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U.S. Occupational Safety and Health Administration guidance on how the agency will enforce the anti-retaliation provisions of its electronic recordkeeping rule is not particularly helpful because it mainly reiterates OSHA’s stance on key issues, according to lawyers.
On Oct. 19, OSHA issued a memorandum to its regional administrators to provide further explanation about the provisions prohibiting employers from retaliating against employees for reporting workplace injuries and illnesses featured in the rule, which currently is the subject of a legal challenge.
“I wish that this guidance would have provided something more helpful for employers, but frankly it seems to me that it’s more of a restatement or maybe a little further explanation of the same positions that OSHA or the Department of Labor have already taken,” said Taylor White, a Dallas-based associate in the labor and employment practice of Gardere Wynne Sewell L.L.P.
To issue a citation, OSHA must have reasonable cause to believe a violation occurred, with the agency required to demonstrate that the employee reported a work-related injury or illness, that the employer took adverse action against the employee and the action happened because the employee reported a work-related injury or illness, according to the memo.
OSHA will need to show that the real reason for disciplinary actions was the reported injury or illness and not an employee’s violation of safety and health rules, but it can use circumstantial evidence to satisfy the burden as direct evidence of the employer’s real reason for the adverse action may not exist, according to the memo.
Employers must be prepared to demonstrate a consistent approach to discipline, meaning that they have disciplined both injured and non-injured employees for the same health and safety violations, Mr. White said.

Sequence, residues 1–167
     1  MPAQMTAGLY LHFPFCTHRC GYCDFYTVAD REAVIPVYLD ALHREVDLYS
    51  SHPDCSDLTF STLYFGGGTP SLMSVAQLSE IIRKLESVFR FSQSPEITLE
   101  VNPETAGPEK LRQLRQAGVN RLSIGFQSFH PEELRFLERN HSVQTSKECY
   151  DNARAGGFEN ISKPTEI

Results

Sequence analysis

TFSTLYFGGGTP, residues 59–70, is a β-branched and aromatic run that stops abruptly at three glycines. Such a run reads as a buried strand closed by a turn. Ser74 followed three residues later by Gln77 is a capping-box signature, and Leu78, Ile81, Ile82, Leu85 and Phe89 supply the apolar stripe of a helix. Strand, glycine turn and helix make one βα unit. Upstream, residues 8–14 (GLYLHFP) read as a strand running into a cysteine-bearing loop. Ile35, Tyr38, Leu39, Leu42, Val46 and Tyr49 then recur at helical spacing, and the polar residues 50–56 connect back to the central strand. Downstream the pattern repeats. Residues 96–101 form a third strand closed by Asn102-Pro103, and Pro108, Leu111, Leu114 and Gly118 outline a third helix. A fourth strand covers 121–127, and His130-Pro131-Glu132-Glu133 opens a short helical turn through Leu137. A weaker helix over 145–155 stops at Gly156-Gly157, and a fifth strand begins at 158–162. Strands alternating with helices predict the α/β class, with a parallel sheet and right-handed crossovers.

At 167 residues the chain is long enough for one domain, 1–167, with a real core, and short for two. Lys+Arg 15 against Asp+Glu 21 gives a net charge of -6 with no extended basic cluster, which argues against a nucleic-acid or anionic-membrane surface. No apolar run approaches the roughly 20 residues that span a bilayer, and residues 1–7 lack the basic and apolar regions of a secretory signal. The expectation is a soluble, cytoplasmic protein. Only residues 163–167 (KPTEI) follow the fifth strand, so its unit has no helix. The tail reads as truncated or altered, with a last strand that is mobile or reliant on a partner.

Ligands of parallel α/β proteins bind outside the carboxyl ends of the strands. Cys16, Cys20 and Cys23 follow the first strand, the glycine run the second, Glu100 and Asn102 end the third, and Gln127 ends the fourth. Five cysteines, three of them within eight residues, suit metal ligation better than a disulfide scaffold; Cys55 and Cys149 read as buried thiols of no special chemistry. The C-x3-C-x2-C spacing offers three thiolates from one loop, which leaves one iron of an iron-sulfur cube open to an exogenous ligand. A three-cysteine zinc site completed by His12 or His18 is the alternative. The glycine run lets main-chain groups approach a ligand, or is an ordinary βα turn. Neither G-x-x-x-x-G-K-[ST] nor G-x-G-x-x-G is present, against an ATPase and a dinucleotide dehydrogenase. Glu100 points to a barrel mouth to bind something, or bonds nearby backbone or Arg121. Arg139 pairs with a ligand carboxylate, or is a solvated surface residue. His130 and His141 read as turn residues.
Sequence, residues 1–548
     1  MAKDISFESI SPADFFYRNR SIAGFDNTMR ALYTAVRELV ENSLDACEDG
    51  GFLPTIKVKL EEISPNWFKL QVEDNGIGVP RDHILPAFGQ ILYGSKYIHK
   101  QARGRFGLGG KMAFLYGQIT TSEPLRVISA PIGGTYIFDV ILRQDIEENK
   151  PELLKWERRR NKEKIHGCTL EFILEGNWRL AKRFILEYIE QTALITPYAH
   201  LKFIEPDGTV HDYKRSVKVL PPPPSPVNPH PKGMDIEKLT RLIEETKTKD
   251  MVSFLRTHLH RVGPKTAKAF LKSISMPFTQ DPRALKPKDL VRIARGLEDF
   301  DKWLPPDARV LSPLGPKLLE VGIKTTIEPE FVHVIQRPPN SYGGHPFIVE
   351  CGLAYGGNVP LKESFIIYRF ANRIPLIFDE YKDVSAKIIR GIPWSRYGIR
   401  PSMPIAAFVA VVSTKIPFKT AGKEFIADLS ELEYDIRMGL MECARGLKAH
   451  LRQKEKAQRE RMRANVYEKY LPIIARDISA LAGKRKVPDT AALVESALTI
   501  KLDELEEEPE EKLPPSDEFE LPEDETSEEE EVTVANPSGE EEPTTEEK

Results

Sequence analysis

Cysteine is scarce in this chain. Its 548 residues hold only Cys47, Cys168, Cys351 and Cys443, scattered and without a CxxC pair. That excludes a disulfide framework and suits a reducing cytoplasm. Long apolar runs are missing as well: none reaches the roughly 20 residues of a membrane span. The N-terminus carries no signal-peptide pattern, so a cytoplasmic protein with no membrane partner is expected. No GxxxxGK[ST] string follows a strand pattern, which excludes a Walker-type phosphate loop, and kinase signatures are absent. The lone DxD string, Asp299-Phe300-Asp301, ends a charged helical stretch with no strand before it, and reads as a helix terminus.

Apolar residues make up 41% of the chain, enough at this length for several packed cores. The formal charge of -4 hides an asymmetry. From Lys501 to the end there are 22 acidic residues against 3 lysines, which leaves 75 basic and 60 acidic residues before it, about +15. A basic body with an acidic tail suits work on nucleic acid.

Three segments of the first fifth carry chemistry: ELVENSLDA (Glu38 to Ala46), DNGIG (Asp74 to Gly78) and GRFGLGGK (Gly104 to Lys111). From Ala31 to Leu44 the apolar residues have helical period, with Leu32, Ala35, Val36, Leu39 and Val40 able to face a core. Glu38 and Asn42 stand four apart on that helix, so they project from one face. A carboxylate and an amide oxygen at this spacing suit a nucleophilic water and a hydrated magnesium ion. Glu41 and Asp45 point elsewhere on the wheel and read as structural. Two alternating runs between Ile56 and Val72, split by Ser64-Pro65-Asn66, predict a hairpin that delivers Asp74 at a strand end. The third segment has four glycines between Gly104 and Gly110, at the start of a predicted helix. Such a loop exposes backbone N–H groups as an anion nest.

“I think there are a lot of evidentiary problems for employers going into this, but I certainly don’t think the guidance provides anything new for employers to clarify how they go about providing that evidence to overcome a claim like this,” he said.
Although the anti-retaliation provisions do not ban employers from conducting drug testing, they cannot use drug testing as a form of discipline against employees for reporting an injury or illness, according to the memo.
But OSHA has clarified that the drug test itself must be capable of showing any impairment the employee had at the time of the accident — a recognition that drug tests are not capable of doing that — so OSHA’s focus will be on alcohol tests, Mr. White said.
OSHA reiterated its opposition to safety incentive programs that it says could discourage reporting of injuries and illnesses. In an example provided in the guidance, if an employer promises to raffle off a $500 gift card at the end of each month if no employee sustains an injury that requires the employee to miss work, and then cancels the raffle because an employee reported a lost-time injury without regard to the injury circumstances, such a cancellation would likely violate the anti-retaliation provisions.
“As long as losing out on the prize creates that dissuasion, it’s an adverse action and that’s one of the elements for retaliation,” said Punam Kaji, a Houston-based attorney in the labor and employment and OSHA practices of Haynes & Boone L.L.P. “For safety incentive programs, I don’t know if there’s a way around it except to start revising those policies and that, to me, is creating a new obligation on the employer.”
The U.S. Occupational Safety and Health Administration issued its controversial final rule on Wednesday to expand electronic recordkeeping requirements for workplace injuries and illnesses and make such records publicly available.